Even though these chocolates have been in my stash since mid-April, I’ve been dragging my feet on tasting & posting them, partly because of the quantity (6 milk & 5 dark) and partly because I wasn’t sure how to execute my vision of a large tic-tac-toe game to pay tribute to the Xs that appear on each of the bite-sized morsels (maybe it’s just me, but the logo looks like a stylized, sideways hashtag). With the dwindling number of states “assigned” to me for this collaboration project, I could no longer procrastinate! So, apologies in advance since this set-up doesn’t really match my mental picture 🙁
When I discovered that an Instagram friend was visiting Las Vegas, I immediately jumped on the opportunity to request that he visit Nevada’s only bean-to-bar maker and purchase some chocolates on my behalf to save on warm weather shipping charges. Rather than choosing from the different countries of origin (or type of chocolate), he opted for one of each flavor that was available (NOTE: at that time, Venezuela was only available in milk chocolate in this 0.25 oz. “taster” size).
One of the things that I noticed about the mini heat-sealed pouches was that the milk chocolate ones (which were all 47% cacao content) had a “drippy” design while the dark chocolate ones (which varied in cacao percentage from 70-74%) had a solid rectangular color block. Also, the “forward slash” of each X matched the color coded wrapper.
Personally, I would have liked more information imprinted onto these wrappers, since it wasn’t until afterwards that I learned that the dark chocolates were made with just two ingredients: cocoa beans and palm sugar while the milk chocolates were made with five ingredients: cocoa beans, palm sugar, milk powder, ground vanilla beans and cocoa butter.
Overall, it seemed that the milk chocolate “traveled” better since there was less chocolate dust marring the surface vs. the dark chocolate. However, the milk chocolate all smelled very similar to each other: an industrial plastic-like aroma that reminded me of mass-produced candy rather than the bean-to-bar craft chocolates shown on their website. Speaking of which, this “tasting” size doesn’t appear on their website and all the bars available online are packaged in cardboard boxes, so maybe these issues have since been resolved.
If you haven’t noticed already, these small chocolates are all six-sided (hexagonal)…a visual representation of the company name, get it?! 😉 From what I’ve seen online, the mold for their full-size chocolate bars form a “honeycomb” shape composed of multiple hexagons.
In each case, I tried the milk chocolate first and then the corresponding dark chocolate (if there was one). I also tasted the dark chocolates in ascending order of cacao percentage. Below is a summary of my thoughts. Too bad I didn’t find this online “tasting menu” with descriptions of the flavor notes BEFORE my own sampling. Wonder why the Dominican Republic origin isn’t part of the online tasting menu!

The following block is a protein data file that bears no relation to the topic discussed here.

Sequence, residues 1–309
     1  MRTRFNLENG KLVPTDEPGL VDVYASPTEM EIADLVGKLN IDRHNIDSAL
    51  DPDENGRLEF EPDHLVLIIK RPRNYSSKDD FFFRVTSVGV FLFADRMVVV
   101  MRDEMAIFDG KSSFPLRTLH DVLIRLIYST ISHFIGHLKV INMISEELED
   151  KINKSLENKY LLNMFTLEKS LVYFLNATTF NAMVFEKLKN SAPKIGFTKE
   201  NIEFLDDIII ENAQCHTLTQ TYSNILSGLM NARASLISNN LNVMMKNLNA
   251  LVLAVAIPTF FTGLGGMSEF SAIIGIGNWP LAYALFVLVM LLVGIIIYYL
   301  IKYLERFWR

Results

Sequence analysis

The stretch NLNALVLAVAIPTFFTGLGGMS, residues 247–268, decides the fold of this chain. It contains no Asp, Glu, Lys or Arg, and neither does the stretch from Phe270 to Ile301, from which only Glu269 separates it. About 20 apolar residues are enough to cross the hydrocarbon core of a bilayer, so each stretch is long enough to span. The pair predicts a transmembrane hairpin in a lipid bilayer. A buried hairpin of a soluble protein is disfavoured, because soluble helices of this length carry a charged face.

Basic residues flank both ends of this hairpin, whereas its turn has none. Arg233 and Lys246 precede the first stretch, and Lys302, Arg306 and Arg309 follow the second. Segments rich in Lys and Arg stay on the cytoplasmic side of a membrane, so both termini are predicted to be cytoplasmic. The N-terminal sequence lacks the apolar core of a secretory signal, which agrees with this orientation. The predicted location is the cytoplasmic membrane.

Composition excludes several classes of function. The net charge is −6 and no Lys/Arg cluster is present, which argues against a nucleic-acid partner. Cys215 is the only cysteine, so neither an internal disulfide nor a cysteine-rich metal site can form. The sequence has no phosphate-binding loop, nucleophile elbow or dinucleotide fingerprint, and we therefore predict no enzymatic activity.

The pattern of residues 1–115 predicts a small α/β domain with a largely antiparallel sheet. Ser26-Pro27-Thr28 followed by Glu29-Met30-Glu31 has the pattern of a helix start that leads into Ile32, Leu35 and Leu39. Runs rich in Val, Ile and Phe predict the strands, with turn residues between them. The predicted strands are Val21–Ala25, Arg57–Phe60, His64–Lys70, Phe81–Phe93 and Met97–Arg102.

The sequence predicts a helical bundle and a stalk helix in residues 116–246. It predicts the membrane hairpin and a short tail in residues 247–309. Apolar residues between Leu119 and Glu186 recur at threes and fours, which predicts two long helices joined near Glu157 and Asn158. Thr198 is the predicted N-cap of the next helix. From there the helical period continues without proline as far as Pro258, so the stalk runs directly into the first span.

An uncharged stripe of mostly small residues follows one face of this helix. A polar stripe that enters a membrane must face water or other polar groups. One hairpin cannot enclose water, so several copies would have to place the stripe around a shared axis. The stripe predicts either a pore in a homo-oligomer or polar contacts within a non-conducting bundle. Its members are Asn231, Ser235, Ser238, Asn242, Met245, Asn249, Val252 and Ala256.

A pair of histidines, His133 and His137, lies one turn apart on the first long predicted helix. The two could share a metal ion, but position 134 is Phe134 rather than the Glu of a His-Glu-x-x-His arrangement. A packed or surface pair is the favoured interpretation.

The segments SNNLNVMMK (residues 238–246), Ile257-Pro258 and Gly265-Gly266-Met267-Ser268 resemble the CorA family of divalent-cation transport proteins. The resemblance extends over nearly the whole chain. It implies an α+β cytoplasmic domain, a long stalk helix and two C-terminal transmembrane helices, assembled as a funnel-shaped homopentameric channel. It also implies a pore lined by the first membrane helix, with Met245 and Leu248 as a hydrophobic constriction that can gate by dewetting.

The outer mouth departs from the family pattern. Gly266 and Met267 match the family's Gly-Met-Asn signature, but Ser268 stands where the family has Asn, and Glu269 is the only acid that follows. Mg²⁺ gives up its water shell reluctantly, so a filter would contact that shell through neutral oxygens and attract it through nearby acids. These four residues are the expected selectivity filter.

Some cosmetic defects, medium snap, grassy smell, creamy, reminded me of a milkshake, even melt, lightly grainy/almost “sticky” mouthfeel
Peru (Marañón Pure Nacional)
Milk: Minimal dust, soft snap, taste reminded me of a powdered hot cocoa mix, creamy yet sticky mouthfeel
Dark (70%): Some dust, sharp snap, slow to melt, bitter in comparison to the milk, roasted/earthy/fruity flavor, thick/not smooth mouthfeel
Tanzania (Kokoa Kamili)
Milk: Air bubbles & dust marring surface, medium snap, smelled like fresh baked brownies, yogurt-like tang, thick milky mouthfeel
Dark (70%): Lots of dust, dry/brittle snap, initially tasted like a hard cheese that changed to fruity/berry-like, astringent/chalky aftertaste
Dominican Republic (Oko Caribe)
Milk: Shinier/less dust than others, though still had air bubbles on the surface, sharp snap, dry appearance, tasted like a caramel or powdered hot cocoa mix, not smooth mouthfeel, back-of-the-throat acidity
Dark (71%): Also shinier/less dust than others, sharp snap, dry/chalky, tasted fruity/citrusy, astringent aftertaste on tongue
Ecuador (Camino Verde)
Milk: Shinier, less dust, some scuffing & air bubbles, brittle/crumbly snap sending shards flying everywhere, very sweet, caramel taste
Dark (73%): Minimal cosmetic defects, sharp snap, smelled fruity like plums, lightly roasted/nutty flavor [THIS WAS MY FAVORITE]
Madagascar (Sambirano Valley)
Milk: Dust, ghosting & air bubbles marring surface, dull snap, dry/chalky appearance but tasted creamy, too sweet & lightly “sticky” mouthfeel
Dark (74%): lots of air bubbles, smelled fruity (like ripe berries), tasted like burnt toast or lightly vegetal, chalky mouthfeel
Next time I visit the Las Vegas, I plan on taking a factory tour and re-sampling these small-batch, single origin bars to determine if the taste and smell were transit related. Besides, based on the side panel of their shopping bag, it looks like there is PLENTY to do, see & eat! 🙂
If you’d like to learn more about Hexx Chocolate & Confexxions, check out their website: http://www.hexxchocolate.com/
Remember to follow the Time to Eat Chocolate blog to hear about the next stop in the “50 States” project…we’re almost reaching the end!
NOTE: If you know of any other bean-to-bar makers in Nevada, please leave a comment or send an email…we like to keep our resource lists as up-to-date as possible!